Postdoc with some awesome Canadian quantum researchers:
Quantum Information Processing Program
JUNIOR (POSTDOCTORAL) FELLOWSHIPS
The Canadian Institute for Advanced Research (CIFAR) is a private not-for-profit research institute. It is a catalyst for discovery, incubating ideas that revolutionize the international research community. CIFAR identifies emerging fundamental research questions concerning society, technology and the very nature of humanity and the universe, and creates interdisciplinary networks of leading scholars from around the world to explore them in a way that is unparalleled elsewhere.
CIFAR's Quantum Information Processing Program is seeking outstanding researchers to fill two Junior Fellow positions (i.e., postdoctoral fellowships). One position will begin as soon as is convenient for the successful candidate and will run through summer 2010. The other position will begin in fall 2009 and will last two years.
The Quantum Information Processing Program studies a wide range of topics relating to quantum information, an interdisciplinary field combining quantum mechanics with computation and information theory. The program includes researchers investigating experimental and theoretical physics, theoretical computer science, and mathematical aspects of quantum information. Program members in Canada are listed below.
CIFAR's new Junior Fellow Academy is an initiative designed to cultivate new generations of research leaders. This program is targeted to individuals who have demonstrated outstanding scholarship and research potential and have recently completed a Ph.D. degree. Junior Fellows will be fully integrated into an appropriate CIFAR research program, and will also participate in a virtual 'Academy', bringing them together with their peers from across all of the Institute's programs. In this setting, they will enjoy opportunities for peer networking, mentorship and career development through specially organized activities and events.
Interested candidates should apply on-line at http://www.iqc.ca/positions/postdoc-cifar/application.php?t=1. The application should include a CV (including list of publications), a research statement, and names of up to 3 potential supervisors. Eligible supervisors must be members of the CIFAR QIP program and should normally be located in Canada, although other arrangements will be considered in exceptional cases. Applicants should also provide names and e-mail addresses of 3-4 referees (at least 3 must not be CIFAR program members). Acceptable formats for submitted documents are .doc, .pdf, .odt, .html and .txt.
To receive full consideration, applications must be received by Wednesday, December 10th, 2008, although later applications will be accepted until the positions are filled.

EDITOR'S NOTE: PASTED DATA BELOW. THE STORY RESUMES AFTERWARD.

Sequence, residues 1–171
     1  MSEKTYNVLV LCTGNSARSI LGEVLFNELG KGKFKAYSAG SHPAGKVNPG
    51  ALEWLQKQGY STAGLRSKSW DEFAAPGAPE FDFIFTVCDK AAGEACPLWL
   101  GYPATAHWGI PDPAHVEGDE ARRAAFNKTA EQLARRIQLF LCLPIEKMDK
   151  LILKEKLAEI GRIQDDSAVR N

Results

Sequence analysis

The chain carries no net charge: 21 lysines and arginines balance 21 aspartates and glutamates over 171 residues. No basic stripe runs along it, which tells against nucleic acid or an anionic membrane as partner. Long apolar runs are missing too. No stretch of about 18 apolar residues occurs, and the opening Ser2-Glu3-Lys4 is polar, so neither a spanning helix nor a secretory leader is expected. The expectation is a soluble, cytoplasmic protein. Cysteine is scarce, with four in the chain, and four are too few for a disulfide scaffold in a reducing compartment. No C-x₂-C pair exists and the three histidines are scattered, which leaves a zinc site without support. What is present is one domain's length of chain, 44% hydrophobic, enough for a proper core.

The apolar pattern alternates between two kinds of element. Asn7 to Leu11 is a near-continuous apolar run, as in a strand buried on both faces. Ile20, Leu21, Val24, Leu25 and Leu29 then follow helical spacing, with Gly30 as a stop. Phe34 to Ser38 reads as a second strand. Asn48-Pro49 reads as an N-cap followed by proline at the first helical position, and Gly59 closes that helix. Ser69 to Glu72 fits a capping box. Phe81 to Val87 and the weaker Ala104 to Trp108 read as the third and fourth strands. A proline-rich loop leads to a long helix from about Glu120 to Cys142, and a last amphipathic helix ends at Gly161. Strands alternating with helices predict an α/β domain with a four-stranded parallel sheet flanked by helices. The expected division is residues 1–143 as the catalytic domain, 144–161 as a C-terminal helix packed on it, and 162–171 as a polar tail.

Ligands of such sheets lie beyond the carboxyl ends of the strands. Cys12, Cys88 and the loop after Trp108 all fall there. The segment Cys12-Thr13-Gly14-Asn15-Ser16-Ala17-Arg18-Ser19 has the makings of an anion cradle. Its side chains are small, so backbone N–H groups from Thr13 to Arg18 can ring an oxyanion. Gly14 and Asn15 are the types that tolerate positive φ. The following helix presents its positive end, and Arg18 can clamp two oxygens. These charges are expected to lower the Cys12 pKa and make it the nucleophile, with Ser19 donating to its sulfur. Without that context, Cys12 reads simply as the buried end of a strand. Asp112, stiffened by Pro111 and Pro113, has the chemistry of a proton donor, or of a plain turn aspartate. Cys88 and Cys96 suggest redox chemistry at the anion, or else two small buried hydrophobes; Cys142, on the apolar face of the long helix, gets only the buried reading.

It's great to have research institutions still devoted to fundamental questions in physics but also the relation to society. Let me put in a pitch here for my pals over at Backreaction, affiliated with the Perimeter and Lightcone Institutes (the former mentioned post just below.) Read any of "Bee's" fabulous essays and you see this woman has a mind and interdisciplinary vision like CP Snow or Carl Sagan.
Well, speaking of quantum mechanics and "fundamental questions", I have one about as fundamental as it gets. (Similar wording at Uncertain Principles on Zeilinger.) Leaving aside debate about how to interpret "collapse of the wave function" etc., I wonder: Given a case of a beam splitter, like MZ interferometer etc, why doesn't the first beam splitter "collapse" the WF? I mean, what is special about "detectors" versus "half-silvered mirrors"? If we have black spots at the other end of the MZ, we figure the light finally "hit" as photons. But the wave didn't just go one way versus the other at the BS (because we can get interference later.) And like I said, the distinction between the two sorts of interaction is not to be confused with what you think collapse ultimately is. Also, and given a BS versus "black patches," this is not directly about "observers" in the sentient sense.
More ruminations at my blog.
@Neil B: since the photon is not absorbed by the beam splitter*, the only way it interacts with the beam splitter is by imparting momentum dp upon reflection. However, the beam splitter (plus the optical table it is bolted to) is so heavy that the dp does not put the beam splitter in an orthogonal quantum state. Therefore, to excellent approximation, the beam splitter remains in a separable state with respect to the photon.
*If it is, we don't care about this event because there is no detector click.
Actually, Pieter, it's not quite that simple because we could use a very light BS if we wanted - I am not trying to get interference later in this case, just "imagining" whether the photon splits. But since I couldn't get interference then to prove the splitting of the WF, maybe that's why it would get split in such a case. But how would we tell the difference? Now we have to say, we don't know if the WF "really" split or not? (Abstraction upon abstraction ....)
Neil, I am not quite sure what you're getting at. If the beam splitter is light enough, indeed you get entanglement between the photon and the beam spliter, and the single-photon interference will be reduced (or disappears altogether). The photon will be correctly described by a mixed state (resulting from tracing out the state of the beam splitter). The "wavefunction" is still split, but now it is a statistical mixture of reflection and transmission.
As for how to tell the difference, you have to specify a measurement procedure. If quantum information has taught us anything about the interpretation of quantum mechanics, it is that we need to be very careful to only make statements that have an operational meaning.